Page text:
BOSTON/NEW YORK (Reuters) - Oracle Corp’s hardware sales are expected to drop further after tumbling 24 percent from a year ago, the software maker said, as it strives to turn around its Sun computer division amid tight technology budgets.
The company run by Silicon Valley billionaire Larry Ellison reported on Thursday that hardware product sales fell to $779 million in its fiscal first quarter ended Aug 31. It had forecast a decline of 7 to 17 percent.
This quarter it predicted a drop of 8 to 18 percent.
“It’s a very competitive market and there is not a lot of strong demand,” said Forrester Research analyst Andrew Bartels.
He said rivals including Cisco Systems Inc, Dell Inc, Hewlett-Packard Co and International Business Machines Corp are taking market share away from Oracle in the computer market.
Global Equities Research analyst Trip Chowdhry said his research shows the market began to improve in August, emerging from a “terrible” climate in the first two months of the quarter.
Oracle also reported that new software sales rose 6 percent from a year earlier to $1.6 billion, in line with its own forecasts.
It said that new software sales and subscription revenue would range from 5 to 15 percent this quarter.
FBR Capital Markets analyst Daniel Ives said while software was Oracle’s bread-and-butter business and performing well, the hardware business was a “work in progress.”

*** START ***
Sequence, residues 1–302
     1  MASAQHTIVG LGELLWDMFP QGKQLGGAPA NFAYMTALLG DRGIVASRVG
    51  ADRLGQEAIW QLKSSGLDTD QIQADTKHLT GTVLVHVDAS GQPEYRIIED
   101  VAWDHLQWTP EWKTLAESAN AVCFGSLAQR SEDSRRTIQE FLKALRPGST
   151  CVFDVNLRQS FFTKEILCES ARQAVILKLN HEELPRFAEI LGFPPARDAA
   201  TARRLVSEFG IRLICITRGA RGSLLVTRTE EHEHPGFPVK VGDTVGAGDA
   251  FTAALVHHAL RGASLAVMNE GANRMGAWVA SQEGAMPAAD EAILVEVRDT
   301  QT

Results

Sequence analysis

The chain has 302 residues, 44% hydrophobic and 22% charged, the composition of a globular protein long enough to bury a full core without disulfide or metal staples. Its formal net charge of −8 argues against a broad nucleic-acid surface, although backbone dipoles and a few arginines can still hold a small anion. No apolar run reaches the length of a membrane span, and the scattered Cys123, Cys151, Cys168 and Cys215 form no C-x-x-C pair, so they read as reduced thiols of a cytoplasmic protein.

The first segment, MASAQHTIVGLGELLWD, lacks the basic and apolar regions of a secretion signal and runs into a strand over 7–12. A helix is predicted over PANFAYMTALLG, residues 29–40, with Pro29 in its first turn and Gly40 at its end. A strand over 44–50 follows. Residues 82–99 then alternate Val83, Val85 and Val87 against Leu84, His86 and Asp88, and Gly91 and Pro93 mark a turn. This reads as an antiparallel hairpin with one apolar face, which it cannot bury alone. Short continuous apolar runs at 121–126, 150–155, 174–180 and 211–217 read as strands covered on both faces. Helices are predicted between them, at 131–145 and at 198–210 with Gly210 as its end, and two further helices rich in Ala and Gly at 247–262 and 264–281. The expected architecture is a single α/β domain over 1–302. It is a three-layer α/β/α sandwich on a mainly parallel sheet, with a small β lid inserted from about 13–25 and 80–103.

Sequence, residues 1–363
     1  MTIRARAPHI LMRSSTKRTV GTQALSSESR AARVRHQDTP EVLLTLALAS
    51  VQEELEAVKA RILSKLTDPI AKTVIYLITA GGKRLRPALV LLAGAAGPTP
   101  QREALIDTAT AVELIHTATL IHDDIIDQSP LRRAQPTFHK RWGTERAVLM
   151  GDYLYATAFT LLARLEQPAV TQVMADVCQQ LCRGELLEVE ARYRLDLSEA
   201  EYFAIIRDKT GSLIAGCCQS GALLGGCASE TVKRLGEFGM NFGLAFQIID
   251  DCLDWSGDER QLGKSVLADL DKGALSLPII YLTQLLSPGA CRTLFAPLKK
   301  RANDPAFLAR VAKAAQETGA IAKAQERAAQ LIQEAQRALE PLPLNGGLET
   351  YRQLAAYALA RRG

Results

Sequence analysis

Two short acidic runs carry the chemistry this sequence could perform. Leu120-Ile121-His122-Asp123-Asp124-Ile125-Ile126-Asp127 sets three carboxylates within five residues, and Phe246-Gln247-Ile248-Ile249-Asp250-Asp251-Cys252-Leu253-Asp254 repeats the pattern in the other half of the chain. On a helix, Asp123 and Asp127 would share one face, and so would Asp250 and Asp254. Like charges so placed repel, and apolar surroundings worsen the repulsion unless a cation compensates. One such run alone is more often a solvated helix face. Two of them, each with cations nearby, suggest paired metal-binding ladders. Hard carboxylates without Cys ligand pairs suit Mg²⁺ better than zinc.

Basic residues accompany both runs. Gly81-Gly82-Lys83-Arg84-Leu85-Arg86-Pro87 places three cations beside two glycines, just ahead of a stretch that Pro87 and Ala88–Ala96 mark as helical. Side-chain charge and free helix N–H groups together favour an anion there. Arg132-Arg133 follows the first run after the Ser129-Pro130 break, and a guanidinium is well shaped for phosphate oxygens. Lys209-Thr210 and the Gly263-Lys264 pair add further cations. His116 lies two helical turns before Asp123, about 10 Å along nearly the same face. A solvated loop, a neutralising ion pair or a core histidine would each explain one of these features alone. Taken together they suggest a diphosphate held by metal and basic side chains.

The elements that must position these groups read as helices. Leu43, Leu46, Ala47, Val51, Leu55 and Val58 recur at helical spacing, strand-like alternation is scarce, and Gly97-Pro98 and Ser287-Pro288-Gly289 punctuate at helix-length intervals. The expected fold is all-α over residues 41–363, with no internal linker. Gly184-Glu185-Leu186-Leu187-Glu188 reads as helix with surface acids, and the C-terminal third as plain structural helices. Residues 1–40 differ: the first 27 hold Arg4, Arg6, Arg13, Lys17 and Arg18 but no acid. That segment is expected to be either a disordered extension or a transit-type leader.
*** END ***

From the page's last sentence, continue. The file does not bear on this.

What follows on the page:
“They’re focused on growth areas in the hardware business and are phasing out more of the commoditized parts of that business,” he said, adding that the software outlook would likely be viewed as “healthy” by investors.
Oracle acquired Sun Microsystems, the world’s No. 4 maker of server computers and also the developer of Java and Solaris software, for more than $7 billion in 2009.
Oracle met that key revenue target after reorganizing its sales operation in the United States, its biggest market, following the departure of Executive Vice President for North American sales and consulting Keith Block.
The world’s No. 3 software maker had forecast that new software sales would climb between 0 to 10 percent from a year earlier when it last reported earnings on June 18.
Investors pay close attention to new software sales because they generate high-margin, long-term maintenance contracts and are an important gauge of the company’s future profits.
Oracle posted first-quarter profit, excluding items, of 53 cents per share, matching the average forecast of analysts surveyed by Thomson Reuters I/B/E/S.
Oracle shares edged up to $32.28 in extended trade after closing at $32.26 on Nasdaq.
Reporting by Jim Finkle; Editing by Richard Chang